The winner of the 2010 Academy Award for Best Original Screenplay goes to The Hurt Locker. In his acceptance speech, screenwriter Mark Boal talked about his background as a reporter in Iraq who thought his experiences would make a good movie. He stated that the film went far beyond his expectations and he owed that to director, Kathryn Bigelow. He also dedicated his award to the thousands of troops still serving overseas and his father who passed away a month ago.

See who he beat out this year in the Best Original Screenplay category…

The nominees for Best Original Screenplay were:

Marc Boal – The Hurt Locker – An intense portrayal of elite soldiers who have one of the most dangerous jobs in the world: disarming bombs in the heat of combat. When a new sergeant, James (Jeremy Renner), takes over a highly trained bomb disposal team amidst violent conflict, he surprises his two subordinates, Sanborn (Anthony Mackie) and Eldridge (Brian Geraghty), by recklessly plunging them into a deadly game of urban combat. James behaves as if he’s indifferent to death. As the men struggle to control their wild new leader, the city explodes into chaos, and James’ true character reveals itself in a way that will change each man forever.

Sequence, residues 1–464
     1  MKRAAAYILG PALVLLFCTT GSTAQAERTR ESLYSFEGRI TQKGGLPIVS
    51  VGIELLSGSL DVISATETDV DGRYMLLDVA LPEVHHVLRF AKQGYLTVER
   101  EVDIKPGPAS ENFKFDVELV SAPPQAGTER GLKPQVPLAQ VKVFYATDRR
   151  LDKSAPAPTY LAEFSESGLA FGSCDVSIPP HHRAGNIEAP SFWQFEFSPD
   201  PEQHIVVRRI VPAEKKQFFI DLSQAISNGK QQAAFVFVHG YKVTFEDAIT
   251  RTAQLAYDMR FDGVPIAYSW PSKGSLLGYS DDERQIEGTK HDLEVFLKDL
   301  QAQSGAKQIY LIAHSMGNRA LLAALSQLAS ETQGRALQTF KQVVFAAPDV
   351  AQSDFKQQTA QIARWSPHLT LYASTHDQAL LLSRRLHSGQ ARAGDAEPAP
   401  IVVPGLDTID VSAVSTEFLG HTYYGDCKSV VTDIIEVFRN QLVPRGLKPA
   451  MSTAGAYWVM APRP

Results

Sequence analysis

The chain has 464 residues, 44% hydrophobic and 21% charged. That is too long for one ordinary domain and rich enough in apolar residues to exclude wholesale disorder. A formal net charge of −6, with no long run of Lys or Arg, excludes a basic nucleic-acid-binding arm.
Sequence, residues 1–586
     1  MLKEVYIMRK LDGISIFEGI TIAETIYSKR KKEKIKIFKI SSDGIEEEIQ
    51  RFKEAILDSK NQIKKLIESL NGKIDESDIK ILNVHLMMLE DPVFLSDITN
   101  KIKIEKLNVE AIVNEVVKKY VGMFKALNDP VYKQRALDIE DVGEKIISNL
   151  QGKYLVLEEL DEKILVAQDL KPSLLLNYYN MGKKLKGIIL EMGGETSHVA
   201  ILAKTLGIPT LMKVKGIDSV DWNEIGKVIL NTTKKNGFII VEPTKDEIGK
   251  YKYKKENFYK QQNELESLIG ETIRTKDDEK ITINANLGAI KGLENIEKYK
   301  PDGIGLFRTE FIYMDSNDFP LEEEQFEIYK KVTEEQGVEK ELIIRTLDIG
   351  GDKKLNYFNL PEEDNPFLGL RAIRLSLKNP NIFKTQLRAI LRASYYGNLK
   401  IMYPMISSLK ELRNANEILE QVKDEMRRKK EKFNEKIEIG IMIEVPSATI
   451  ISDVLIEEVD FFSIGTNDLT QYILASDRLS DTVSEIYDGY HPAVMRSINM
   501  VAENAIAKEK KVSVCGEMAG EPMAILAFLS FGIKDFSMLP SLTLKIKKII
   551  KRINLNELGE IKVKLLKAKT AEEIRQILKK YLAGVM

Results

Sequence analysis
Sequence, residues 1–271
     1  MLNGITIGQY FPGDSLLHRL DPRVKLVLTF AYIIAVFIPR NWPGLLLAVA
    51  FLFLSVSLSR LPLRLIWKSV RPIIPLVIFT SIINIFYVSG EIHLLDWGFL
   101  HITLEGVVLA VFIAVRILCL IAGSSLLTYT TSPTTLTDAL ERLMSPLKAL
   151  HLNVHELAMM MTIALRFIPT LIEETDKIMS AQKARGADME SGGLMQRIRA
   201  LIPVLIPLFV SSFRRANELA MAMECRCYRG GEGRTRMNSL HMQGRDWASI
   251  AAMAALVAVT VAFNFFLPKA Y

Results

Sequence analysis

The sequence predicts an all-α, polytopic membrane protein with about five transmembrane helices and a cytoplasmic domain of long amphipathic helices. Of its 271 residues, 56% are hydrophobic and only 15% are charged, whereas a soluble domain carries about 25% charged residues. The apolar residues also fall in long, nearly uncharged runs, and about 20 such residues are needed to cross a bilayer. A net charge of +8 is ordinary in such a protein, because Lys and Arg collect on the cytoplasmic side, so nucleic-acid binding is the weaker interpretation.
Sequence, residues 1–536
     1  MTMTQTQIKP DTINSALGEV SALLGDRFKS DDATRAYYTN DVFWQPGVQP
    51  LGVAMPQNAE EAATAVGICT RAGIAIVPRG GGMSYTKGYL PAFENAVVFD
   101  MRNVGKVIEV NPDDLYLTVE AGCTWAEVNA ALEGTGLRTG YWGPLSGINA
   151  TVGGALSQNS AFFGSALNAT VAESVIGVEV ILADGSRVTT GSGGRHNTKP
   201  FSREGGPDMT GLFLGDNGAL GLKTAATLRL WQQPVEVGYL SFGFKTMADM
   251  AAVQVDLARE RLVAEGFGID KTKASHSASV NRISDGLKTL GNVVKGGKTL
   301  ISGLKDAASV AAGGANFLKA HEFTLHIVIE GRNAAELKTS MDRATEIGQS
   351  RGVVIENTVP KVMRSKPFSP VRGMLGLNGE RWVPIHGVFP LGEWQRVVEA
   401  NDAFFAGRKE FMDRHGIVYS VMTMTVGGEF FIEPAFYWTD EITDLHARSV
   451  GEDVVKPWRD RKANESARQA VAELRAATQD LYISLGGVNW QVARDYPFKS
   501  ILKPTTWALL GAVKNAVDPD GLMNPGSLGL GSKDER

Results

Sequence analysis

Quentin Tarantino – Inglourious Basterds – Set during WWII in Nazi-occupied France, where a group of Jewish-American soldiers known as “The Basterds” are sent in to spread fear throughout the Third Reich by killing Nazis in as many obscene ways as possible.

Alessandro Camon and Oren Moverman – The Messenger – A solider (BenFoster) is pulled been from battle and is paired-up with a seasoned officer (Woody Harrelson) to do possibly the hardest job in the army — inform people that their loved have been killed. The young solider gets in trouble when he becomes involved with a widow of a fallen officer.

Joel Coen, Ethan Coen – A Serious Man – The story centers around Larry Gopnik (Michael Stuhlbarg), a Midwestern professor who watches his life unravel when his wife prepares to leave him because her brother-in-law won’t move out.

Bob Peterson, Pete Docter, Story by Pete Docter, Bob Peterson, Tom McCarthy – Up – The film is about 78-year-old Carl Fredricksen who embarks on an adventure to South America by tying thousands of balloons to his house and allowing his house to float down south. Midair, Carl receives a knock at his door and discovers 8-year-old Russell on his front porch.

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